The thought process goes like this: “If I try to train this employee, it would take me an hour to go through the process and all the variables, and then another hour correcting their work when they do it wrong and I would be better off just taking 30 minutes out of my schedule to do the task myself.” Well, that’s great except that you’ll all be stuck in the same situation next week, and the week after and every other time a similar task comes in. Some personalities have a strong need to complete tasks at the earliest opportunity without realizing they need to off load their routine work to save time and energy in the long run.
3. The team is already at full capacity
If your boss thinks that the team is already busy and has no more bandwidth to take on new tasks, then she may do the task herself rather than overburden you. This is human and understandable: sometimes it is kinder for a manager to deal with an assignment herself rather than toss out a hot potato to a stressed-out team. But even when it comes from a place of caring, under-delegating the work robs you of valuable learning activities where you can grow your skills and capabilities.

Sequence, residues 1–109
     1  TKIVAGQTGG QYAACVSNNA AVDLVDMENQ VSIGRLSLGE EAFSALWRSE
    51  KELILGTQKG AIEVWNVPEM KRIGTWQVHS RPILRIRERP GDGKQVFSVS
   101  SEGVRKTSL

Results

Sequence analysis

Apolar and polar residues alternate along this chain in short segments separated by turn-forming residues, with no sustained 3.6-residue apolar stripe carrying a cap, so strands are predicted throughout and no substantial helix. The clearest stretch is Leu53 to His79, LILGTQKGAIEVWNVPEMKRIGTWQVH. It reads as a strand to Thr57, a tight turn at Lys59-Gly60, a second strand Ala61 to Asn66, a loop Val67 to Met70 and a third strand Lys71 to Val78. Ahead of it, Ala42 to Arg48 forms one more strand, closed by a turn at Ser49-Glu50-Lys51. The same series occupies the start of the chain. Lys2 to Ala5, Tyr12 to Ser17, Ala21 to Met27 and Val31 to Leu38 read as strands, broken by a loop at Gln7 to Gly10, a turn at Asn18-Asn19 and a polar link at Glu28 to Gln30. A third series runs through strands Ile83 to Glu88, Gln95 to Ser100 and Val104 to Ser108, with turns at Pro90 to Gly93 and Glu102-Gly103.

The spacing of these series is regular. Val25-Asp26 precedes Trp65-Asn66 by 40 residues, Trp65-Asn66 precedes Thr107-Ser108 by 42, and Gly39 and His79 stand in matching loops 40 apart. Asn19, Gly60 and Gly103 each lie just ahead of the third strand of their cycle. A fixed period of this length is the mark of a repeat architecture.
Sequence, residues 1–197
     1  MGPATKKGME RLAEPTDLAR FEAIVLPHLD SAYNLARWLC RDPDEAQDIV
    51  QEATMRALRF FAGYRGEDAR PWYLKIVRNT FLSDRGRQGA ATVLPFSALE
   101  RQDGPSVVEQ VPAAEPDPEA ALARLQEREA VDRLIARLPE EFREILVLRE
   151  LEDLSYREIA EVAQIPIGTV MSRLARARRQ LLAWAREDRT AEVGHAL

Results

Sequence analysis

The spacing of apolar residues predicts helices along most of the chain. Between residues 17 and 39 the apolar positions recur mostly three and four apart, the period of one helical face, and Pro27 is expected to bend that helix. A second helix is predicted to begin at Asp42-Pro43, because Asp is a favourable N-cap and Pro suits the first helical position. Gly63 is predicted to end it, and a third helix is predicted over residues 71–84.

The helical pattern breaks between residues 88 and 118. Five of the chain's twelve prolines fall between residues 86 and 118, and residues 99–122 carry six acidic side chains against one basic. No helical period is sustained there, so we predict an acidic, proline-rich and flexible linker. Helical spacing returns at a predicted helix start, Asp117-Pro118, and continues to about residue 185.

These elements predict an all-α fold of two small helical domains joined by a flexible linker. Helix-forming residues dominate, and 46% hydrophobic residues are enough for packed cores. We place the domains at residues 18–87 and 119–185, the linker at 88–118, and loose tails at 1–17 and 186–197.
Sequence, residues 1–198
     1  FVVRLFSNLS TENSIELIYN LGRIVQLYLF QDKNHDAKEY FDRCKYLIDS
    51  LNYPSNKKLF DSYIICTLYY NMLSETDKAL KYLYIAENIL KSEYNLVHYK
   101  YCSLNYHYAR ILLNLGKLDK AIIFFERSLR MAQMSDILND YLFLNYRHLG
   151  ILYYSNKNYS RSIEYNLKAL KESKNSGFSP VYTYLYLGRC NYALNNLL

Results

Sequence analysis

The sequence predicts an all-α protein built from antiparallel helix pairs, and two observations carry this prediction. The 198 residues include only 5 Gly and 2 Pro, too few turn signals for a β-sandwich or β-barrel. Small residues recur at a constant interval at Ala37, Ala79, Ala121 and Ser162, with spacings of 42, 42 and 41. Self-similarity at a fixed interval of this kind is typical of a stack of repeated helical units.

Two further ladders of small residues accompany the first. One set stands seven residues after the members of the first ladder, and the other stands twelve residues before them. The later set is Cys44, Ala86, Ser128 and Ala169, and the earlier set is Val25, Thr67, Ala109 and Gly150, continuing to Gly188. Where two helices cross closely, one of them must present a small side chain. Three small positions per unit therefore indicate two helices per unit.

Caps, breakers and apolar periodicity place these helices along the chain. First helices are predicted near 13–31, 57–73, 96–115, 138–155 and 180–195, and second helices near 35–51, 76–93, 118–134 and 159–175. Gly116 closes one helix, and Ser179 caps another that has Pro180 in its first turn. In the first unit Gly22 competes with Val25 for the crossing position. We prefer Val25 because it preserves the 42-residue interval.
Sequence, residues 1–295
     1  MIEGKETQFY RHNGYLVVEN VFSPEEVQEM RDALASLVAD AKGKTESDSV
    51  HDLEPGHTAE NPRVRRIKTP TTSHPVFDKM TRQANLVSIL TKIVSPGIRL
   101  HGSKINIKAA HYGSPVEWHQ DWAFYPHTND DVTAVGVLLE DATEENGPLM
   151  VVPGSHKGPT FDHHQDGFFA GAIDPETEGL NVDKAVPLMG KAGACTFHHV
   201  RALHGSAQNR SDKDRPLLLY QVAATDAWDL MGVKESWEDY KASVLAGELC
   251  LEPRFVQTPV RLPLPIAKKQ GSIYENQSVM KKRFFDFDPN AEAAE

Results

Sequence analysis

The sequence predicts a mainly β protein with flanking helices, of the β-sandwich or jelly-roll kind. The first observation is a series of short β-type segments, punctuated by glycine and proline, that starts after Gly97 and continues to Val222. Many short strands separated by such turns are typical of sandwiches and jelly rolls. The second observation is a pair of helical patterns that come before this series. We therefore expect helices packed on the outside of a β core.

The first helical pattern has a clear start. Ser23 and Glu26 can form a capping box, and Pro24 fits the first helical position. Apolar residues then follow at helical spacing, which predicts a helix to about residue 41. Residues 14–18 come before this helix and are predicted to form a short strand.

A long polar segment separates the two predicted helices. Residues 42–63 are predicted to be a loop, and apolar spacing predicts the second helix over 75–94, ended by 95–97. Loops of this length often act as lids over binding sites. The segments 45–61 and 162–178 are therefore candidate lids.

4. Employees do not have the necessary knowledge
Delegation does not always work out as intended, and most managers will have horror stories about a time they were burned by delegated assignments that were done badly, putting them in a difficult position and creating more work for the other members of the team. If that’s the manager’s experience, then it’s not surprising that he is reluctant to delegate assignments, especially complex projects and those that have a high level of risk. But what happens if the boss is away? This attitude may ensure the current assignment gets done well, but it doesn’t solve the very real problem of making sure there’s always someone else ready to jump in and deal with an important task in an emergency.